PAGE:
140,000 bridges on the national highway system need repair or replacement. Forty percent of the national highway system is so deteriorated that it has to be totally replaced. You can't just patch it anymore. You just can't resurface anymore.

Our transit agencies have a $70 billion backlog to bring their existing systems up to a state of good repair--not to build new transit options for Americans, no--just to bring what we have up to a state of good repair.

Why are we here today? Because there are people on that side of the aisle who actually don't believe it is either the duty, obligation, or right of the Federal Government to invest in a national highway system, a national transportation system. They believe in devolution. Make the States do it.

We tried that. In the 1950s, Kansas built a brand-new turnpike. It ended at the Oklahoma border because Oklahoma ran out of money, and they didn't build it until the Eisenhower bill went through.

They want to go back to those good old days of the 1950s, when you couldn't even have roads that connected between States. That is nuts. It was bad in the middle of the last century, and it is nuts for the 21st century.

Are we just going to kick the can down the road again? If we pass this Republican proposal to continue the current anemic levels of funding until next May, that is not going to bring the States the certainty they need. It is not going to bring the industry the robust investment they need. It is not going to get us the jobs we need.

Yes, we will limp along until next May, and then there will be incredible uncertainty about the next construction season. There won't be major new projects planned. Nothing will happen. We need to resolve that this year.

We should stay here, as the gentleman from Oregon said, and resolve it this August. Five weeks, guys, and we can't get to this issue? Then you are going to kick it into next year? Better, at least, that we are confronted with it before the end of this year; then maybe we can get a robust funding source.

Maybe we can make the investments we need. Maybe we could give the [Page: H7175]

States the tools they need next construction season and the certainty they need next construction season to go forward.

1:48 PM EDT

Peter A. DeFazio, D-OR 4th

Mr. DeFAZIO. We just had a Standard & Poor's study. 29,000 jobs are created, and these are not just construction jobs. They are engineering jobs, technical jobs, and manufacturing jobs for the equipment that goes into this or the steel that goes into this. These are small business jobs with a small business set-aside.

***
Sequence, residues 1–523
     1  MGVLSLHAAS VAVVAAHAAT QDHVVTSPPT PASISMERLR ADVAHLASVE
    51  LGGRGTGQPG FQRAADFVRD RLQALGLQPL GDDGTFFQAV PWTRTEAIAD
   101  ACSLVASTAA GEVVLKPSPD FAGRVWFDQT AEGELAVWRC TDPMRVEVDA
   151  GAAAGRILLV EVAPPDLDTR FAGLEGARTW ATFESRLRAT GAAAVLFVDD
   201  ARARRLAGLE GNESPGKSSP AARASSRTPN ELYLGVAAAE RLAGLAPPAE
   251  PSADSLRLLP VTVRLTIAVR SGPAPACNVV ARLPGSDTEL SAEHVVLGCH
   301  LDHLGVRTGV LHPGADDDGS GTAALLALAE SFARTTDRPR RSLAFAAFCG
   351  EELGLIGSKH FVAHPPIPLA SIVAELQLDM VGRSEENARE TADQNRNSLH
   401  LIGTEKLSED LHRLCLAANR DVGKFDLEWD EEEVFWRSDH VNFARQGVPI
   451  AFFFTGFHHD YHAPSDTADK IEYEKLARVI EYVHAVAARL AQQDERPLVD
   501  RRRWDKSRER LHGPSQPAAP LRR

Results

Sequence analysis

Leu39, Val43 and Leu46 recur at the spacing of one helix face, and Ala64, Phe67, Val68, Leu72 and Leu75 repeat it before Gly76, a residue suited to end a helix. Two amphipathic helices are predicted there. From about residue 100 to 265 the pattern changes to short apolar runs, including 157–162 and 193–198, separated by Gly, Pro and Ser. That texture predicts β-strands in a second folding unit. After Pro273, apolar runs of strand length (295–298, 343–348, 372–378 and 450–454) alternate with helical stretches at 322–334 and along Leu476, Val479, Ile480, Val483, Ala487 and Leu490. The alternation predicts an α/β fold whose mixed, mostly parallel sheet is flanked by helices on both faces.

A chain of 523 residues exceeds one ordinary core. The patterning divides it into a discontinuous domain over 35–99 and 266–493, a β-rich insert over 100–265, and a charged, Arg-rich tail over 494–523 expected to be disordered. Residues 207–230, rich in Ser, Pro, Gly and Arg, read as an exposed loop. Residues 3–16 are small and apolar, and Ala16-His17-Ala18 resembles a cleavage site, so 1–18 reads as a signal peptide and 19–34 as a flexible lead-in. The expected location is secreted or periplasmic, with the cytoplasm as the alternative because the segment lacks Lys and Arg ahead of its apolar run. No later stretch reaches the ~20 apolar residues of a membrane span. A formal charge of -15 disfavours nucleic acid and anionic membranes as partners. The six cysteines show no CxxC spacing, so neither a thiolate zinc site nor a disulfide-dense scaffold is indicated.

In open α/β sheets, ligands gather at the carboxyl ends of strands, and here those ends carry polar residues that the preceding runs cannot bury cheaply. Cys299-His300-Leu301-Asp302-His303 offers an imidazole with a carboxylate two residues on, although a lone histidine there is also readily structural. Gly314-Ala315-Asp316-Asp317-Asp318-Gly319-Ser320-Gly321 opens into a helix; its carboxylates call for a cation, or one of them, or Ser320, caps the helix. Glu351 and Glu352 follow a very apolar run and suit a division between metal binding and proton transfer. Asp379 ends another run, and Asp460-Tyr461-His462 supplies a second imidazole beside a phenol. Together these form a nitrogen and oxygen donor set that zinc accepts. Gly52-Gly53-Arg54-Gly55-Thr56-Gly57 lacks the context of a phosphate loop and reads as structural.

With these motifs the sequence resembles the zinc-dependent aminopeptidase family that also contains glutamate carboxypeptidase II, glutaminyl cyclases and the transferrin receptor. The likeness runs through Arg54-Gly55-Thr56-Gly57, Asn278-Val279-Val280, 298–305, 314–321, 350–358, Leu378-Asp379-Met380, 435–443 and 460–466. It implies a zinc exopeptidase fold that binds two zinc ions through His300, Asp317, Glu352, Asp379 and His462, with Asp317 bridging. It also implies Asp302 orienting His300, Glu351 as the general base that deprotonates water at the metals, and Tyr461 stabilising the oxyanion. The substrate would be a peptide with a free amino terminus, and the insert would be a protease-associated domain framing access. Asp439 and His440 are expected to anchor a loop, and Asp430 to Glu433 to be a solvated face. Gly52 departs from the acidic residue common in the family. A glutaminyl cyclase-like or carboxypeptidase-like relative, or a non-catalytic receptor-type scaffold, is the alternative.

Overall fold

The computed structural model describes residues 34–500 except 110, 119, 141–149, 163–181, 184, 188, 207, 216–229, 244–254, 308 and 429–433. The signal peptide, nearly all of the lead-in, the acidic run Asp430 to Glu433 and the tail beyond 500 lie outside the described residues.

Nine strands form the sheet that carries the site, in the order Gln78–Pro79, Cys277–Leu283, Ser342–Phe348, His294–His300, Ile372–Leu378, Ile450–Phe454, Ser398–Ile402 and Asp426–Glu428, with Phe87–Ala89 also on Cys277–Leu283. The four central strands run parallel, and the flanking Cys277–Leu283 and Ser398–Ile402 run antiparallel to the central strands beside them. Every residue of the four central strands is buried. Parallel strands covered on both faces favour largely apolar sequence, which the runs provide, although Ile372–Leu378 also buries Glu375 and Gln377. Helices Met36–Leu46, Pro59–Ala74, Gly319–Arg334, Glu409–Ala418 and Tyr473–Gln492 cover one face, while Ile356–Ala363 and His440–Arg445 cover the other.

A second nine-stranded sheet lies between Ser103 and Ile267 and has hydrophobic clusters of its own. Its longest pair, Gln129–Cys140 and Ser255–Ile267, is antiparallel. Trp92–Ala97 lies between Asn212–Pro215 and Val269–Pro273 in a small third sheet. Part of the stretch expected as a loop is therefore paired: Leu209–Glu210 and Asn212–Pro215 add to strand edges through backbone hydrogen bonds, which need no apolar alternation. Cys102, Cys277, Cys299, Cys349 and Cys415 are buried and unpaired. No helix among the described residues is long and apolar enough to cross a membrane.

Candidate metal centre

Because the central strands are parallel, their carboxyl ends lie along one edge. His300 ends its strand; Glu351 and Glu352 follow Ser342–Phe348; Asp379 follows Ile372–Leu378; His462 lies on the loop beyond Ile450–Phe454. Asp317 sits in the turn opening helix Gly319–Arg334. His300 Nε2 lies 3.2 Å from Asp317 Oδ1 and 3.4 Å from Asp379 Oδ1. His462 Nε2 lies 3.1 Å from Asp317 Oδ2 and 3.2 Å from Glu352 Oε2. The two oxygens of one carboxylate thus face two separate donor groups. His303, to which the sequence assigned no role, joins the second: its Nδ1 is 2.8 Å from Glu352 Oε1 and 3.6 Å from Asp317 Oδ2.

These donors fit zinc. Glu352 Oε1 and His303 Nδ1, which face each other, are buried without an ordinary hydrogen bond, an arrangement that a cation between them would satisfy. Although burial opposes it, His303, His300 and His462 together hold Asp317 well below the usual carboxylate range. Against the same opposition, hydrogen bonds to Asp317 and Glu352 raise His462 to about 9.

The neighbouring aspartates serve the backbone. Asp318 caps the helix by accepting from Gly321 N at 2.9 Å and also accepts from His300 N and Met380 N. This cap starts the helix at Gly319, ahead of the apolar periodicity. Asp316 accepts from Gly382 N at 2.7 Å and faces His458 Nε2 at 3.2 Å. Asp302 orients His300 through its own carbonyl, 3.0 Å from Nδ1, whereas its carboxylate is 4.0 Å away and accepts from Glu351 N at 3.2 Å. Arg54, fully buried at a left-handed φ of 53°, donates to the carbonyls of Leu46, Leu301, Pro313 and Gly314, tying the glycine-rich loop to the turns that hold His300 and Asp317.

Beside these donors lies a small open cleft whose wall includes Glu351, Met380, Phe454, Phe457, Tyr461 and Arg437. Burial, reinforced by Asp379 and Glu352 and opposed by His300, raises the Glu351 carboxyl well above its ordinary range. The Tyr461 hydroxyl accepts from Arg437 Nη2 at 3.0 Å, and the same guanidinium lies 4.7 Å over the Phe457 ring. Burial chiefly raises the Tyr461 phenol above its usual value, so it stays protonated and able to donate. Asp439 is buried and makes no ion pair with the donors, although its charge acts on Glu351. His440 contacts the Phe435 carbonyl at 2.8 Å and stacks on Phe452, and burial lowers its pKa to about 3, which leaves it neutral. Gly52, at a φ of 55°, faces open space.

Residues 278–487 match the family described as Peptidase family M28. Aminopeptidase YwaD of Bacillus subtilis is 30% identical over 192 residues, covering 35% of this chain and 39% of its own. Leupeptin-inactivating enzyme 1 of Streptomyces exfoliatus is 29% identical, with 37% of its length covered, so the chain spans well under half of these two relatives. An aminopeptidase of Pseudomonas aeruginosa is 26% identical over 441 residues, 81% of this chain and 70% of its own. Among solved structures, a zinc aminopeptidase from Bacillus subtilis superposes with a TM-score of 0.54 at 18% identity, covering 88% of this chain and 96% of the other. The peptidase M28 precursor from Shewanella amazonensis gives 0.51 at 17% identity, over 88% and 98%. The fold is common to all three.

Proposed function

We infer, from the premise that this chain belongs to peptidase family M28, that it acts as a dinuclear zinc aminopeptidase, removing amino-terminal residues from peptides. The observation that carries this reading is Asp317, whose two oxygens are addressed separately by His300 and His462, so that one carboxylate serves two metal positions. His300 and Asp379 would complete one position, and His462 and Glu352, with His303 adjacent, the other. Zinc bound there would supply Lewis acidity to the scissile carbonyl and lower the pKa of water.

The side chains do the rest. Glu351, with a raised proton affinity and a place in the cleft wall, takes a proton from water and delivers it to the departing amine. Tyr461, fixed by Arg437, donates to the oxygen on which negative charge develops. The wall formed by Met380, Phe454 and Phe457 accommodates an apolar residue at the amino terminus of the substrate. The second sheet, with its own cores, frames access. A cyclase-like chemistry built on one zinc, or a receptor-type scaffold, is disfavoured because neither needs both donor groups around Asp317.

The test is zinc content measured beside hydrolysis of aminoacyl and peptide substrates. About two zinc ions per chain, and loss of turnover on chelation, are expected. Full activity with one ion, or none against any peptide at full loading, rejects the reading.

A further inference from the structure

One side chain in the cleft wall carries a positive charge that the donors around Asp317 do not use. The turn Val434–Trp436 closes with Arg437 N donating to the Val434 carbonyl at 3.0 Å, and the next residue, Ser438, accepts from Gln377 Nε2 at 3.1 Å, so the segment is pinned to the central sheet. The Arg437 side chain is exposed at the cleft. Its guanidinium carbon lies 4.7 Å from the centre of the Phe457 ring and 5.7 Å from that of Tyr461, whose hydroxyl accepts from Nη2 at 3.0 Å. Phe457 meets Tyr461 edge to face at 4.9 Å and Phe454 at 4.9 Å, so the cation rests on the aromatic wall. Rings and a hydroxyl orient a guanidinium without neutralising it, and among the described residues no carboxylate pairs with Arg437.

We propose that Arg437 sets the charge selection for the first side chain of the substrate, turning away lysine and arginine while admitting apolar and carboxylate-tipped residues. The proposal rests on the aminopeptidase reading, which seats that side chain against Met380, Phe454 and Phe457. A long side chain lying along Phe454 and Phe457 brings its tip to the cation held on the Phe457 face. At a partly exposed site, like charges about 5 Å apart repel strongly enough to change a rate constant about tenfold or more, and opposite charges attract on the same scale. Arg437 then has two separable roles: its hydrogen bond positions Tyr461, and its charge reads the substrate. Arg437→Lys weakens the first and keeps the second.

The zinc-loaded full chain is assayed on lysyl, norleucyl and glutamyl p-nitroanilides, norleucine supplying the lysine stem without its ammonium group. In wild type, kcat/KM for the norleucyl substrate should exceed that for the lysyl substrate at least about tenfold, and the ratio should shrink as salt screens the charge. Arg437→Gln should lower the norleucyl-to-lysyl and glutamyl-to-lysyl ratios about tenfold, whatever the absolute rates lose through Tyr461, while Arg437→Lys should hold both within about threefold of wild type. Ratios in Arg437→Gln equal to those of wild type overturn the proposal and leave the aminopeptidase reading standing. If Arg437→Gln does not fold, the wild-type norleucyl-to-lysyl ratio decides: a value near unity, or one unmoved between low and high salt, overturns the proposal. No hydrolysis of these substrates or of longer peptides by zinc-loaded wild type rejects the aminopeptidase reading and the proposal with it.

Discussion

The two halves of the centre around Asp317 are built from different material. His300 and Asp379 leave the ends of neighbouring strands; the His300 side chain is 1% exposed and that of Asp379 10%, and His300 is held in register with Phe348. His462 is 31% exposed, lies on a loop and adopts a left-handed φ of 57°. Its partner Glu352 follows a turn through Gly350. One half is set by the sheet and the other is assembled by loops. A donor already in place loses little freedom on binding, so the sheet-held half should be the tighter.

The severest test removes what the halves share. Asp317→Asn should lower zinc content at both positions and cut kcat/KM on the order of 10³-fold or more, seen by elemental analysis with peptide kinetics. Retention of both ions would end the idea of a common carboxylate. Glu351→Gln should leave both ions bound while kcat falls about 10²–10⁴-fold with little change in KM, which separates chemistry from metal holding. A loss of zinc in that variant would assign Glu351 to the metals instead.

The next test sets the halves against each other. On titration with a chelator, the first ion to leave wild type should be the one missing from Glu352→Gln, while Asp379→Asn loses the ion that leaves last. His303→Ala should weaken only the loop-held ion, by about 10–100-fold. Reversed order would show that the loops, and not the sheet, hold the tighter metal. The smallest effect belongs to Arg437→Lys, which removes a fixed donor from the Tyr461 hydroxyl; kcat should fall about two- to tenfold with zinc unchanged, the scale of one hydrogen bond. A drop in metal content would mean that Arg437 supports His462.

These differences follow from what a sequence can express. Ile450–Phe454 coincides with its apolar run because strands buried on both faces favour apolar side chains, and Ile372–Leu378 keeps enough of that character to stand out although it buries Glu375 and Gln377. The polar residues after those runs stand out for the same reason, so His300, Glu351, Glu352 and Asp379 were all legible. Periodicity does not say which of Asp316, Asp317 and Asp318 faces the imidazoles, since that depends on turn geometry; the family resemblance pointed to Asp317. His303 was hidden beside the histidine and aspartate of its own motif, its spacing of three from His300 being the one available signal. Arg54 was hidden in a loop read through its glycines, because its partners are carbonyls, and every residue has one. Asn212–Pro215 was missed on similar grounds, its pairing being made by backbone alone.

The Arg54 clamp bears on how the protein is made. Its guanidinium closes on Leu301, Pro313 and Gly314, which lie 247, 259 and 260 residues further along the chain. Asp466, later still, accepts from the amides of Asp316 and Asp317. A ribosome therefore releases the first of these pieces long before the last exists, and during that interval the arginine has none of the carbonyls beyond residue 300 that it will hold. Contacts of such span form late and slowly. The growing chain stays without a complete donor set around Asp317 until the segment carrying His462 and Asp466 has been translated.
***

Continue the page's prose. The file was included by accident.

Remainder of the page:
We are foregoing an incredible stimulus to our economy, putting hundreds of thousands of Americans back to work or at work, building us yet again toward a world-class infrastructure.

It is just shameful this has been bipartisan forever. Washington, canals and highways; Lincoln, the transcontinental railroad; Eisenhower, the national highway system; and Ronald Reagan put transit into the national highway program--now, we are here limping along with yet another patch that isn't adequate, won't give us the recovery we need, and won't give us the transportation infrastructure we need to be competitive in the 21st century.

It is a very sad day. We should reject this proposal and get to work.

1:49 PM EDT

Dave Camp, R-MI 4th

Mr. CAMP. I thank the distinguished chairman for yielding.

Madam Speaker, the House passed their version of highway funding more than 2 weeks ago. The Senate acted last night. Because of their rush, there was actually a drafting error in the Senate version of the highway bill that either creates a $2 billion hole in the deficit or only funds the program through early October.

The House is not scheduled to be in session in October, so I would suggest to my friends that I think the best thing to do at this stage of the game is to accept this proposal and send the House bill back to the Senate, which does a couple of things: it certainly does not increase the deficit, as the Senate bill does, because of their mistake; but also, it gets us through May 31.

I have committed to the distinguished gentleman on the other side that the Ways and Means Committee will have a hearing on transportation funding in September when we return, but this gives us the time to look at the competing proposals to finance our infrastructure.

Those disagreements don't necessarily follow along partisan lines, as the previous speaker might have suggested. Not everybody agrees with the gas tax. Not everybody agrees with miles driven. Not everybody agrees with tolls. We are going to have to work through those alternatives and see what other proposals might be there to see where we can move forward.

I believe we can move forward in a bipartisan way on this issue because our infrastructure needs--I would agree with the previous speaker--are dire. They are important. We do need to move forward on a long-term funding bill, but if we don't get past October and if we don't do this today, August 1 is the day the contracts start ending. I think that would be completely irresponsible to allow that to begin to occur.

So let's have continuity in transportation projects and funding. Support the House bill. Send it back to the Senate. I am certain, given the mistake in their legislation, that will be accepted when it gets to the other side.

1:49 PM EDT

Dave Camp, R-MI 4th

Mr. CAMP. I thank the distinguished chairman for yielding.

Madam Speaker, the House passed their version of highway funding more than 2 weeks ago. The Senate acted last night. Because of their rush, there was actually a drafting error in the Senate version of the highway bill that either creates a $2 billion hole in the deficit or only funds the program through early October.

The House is not scheduled to be in session in October, so I would suggest to my friends that I think the best thing to do at this stage of the game is to accept this proposal and send the House bill back to the Senate, which does a couple of things: it certainly does not increase the deficit, as the Senate bill does, because of their mistake; but also, it gets us through May 31.